Essay on Ethnography Reflection

Essay on Ethnography Reflection

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1. Raybeck used most of the techniques on page 71 in Thinking Like an Anthropologist. He established key informants including Yusof and Mat, administered oral surveys to prostitutes, collected kin relations, and mapped the community. He also participated in the night guard (jaga) to learn the layout of the community, get to know his fellow villagers, and perform his civic duty. (26, 54-55, 62, 112)
2. Raybeck incorporated life histories and case studies as well as the semantic differential, a psycholinguistic instrument to quantitative analyze the connotations of concepts. Douglas was accompanied by his girlfriend Karen. She could occasionally gain entry into situations where he could not. For example, she was invited to help prepare feasts and eat with the women in the kitchen. Through this network, Karen found the women were willing to talk more openly about their feelings and occasionally heard village gossip before Douglas. Karen also did most of the shopping at the market and learned to bargain from a chicken vendor. (44-47, 94, 99-100, 166, 180, 186-187)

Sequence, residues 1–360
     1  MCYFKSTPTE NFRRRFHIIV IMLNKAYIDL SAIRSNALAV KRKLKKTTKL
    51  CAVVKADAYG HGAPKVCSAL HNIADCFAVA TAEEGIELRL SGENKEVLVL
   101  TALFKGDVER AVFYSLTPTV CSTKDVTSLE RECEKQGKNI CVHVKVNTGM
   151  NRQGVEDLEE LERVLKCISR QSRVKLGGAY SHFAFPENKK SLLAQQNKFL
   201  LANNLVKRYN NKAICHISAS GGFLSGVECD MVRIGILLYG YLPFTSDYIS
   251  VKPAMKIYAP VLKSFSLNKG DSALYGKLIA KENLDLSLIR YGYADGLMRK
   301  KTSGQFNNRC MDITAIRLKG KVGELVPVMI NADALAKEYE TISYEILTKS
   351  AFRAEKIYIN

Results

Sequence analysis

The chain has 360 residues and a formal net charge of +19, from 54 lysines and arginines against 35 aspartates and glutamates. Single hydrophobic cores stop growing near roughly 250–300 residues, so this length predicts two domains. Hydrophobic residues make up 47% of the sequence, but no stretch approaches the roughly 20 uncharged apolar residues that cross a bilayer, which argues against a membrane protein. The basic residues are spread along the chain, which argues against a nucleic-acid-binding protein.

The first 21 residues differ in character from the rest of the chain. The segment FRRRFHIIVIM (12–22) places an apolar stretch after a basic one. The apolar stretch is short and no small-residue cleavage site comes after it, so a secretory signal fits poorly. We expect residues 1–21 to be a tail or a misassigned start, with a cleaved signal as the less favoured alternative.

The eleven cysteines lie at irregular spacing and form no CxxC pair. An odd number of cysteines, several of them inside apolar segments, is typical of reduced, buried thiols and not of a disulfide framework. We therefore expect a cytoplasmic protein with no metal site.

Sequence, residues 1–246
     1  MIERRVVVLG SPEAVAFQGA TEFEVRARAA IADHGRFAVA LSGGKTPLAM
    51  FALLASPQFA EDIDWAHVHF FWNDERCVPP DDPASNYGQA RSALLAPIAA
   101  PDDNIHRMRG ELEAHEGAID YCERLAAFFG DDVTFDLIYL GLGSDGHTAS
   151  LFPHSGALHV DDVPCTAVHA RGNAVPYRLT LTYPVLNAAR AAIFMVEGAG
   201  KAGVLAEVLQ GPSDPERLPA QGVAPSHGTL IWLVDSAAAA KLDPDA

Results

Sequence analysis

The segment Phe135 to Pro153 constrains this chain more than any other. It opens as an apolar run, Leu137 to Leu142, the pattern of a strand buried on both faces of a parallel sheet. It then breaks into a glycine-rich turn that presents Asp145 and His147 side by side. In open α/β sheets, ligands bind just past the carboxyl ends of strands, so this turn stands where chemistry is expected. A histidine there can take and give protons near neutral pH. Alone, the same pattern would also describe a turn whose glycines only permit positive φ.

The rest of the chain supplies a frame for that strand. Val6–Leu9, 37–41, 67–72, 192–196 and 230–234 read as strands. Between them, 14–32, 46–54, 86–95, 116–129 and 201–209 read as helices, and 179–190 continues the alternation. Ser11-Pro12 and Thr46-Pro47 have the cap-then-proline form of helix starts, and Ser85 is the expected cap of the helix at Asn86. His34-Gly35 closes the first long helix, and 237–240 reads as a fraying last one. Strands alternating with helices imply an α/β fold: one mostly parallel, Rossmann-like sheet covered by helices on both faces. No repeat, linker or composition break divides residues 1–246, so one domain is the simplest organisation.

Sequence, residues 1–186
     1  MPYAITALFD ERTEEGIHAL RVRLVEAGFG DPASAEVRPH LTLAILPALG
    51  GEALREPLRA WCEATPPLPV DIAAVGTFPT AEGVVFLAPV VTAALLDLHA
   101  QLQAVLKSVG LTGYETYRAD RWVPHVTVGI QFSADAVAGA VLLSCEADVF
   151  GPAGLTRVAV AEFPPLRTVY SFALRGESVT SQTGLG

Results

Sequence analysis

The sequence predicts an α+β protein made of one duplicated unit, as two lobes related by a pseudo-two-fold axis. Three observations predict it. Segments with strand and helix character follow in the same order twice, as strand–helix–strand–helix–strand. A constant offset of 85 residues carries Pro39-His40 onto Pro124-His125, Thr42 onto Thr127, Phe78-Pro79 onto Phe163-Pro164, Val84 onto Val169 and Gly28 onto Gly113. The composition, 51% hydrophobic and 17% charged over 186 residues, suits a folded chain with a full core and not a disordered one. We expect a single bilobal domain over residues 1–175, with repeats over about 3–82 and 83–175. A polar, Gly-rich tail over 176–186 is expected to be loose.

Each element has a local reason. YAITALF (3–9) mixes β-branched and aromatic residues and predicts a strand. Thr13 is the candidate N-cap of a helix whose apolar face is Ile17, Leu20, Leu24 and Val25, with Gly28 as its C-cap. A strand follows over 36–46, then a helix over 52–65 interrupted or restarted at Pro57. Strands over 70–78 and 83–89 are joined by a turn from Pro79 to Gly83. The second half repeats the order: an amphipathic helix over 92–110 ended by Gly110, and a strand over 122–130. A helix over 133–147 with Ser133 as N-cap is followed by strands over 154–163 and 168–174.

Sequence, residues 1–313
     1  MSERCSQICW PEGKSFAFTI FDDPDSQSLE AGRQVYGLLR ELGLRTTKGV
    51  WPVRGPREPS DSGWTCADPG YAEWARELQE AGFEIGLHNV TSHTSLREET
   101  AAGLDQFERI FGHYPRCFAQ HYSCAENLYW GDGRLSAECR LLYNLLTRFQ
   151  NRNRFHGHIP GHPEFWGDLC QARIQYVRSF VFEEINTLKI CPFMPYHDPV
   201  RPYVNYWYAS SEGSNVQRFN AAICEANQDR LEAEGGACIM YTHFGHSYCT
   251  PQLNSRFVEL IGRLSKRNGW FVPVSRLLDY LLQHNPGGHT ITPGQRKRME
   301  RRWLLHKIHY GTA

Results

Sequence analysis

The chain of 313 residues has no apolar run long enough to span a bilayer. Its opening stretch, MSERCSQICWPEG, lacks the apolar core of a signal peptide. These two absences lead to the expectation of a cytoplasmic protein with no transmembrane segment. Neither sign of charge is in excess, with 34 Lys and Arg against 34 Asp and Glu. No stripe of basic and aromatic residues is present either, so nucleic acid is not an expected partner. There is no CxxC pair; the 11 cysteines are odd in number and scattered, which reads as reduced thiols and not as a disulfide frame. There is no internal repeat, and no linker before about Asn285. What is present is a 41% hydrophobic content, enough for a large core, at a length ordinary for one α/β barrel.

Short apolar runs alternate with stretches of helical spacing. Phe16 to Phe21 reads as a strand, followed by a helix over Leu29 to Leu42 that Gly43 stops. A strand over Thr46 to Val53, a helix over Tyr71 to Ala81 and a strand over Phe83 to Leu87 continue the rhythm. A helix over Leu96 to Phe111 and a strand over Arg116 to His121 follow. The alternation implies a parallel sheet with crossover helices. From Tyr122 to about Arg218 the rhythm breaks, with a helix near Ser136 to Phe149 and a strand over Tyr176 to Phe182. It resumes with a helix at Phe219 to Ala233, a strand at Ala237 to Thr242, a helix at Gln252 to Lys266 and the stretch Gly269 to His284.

3. Raybeck suggests that a middle ground between qualitative and quantitative data collection is the most effective approach. Raybeck's study of the semantic differential was intended to be scientific. Quantitative approaches, although precise and full of data, omit information and reduce complex situations to just numbers. Raybeck found that interpretive approaches, although imprecise and difficult to replicate, are broad and rely on context to relay deeper meaning. The way Raybeck reports his findings of the community is humanistic. This allows the reader to get a feel for the empathy and context of the situations Raybeck experienced. (90-100, 195-197)
4. Ra...

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20. Raybeck did a good job of minimizing ethnocentrism. As he spent more time in Malaysia, he became more of an accepted insider and his ethnocentrism declined. Raybeck felt like more of an insider to the degree that he could report on the happenings of the Chinese that lived in the village as if he were a Kelantanese. Karen displayed ethnocentrism when, in accordance with local and religious custom, she agreed to wear a head covering on religious holidays, but refused to walk behind Douglas. The villagers displayed ethnocentrism by questioning the couple on their lack of children as the custom in Malaysia was to have many children. (49, 51, 186, 201)

Source: Raybeck, Douglas. 1996. Mad Dogs, Englishmen, and the Errant Anthropologist. Long Grove, IL: Waveland Press, Inc.
Source: Omohundro, John. Thinking Like an Anthropologist. New York, NY: McGraw-Hill.

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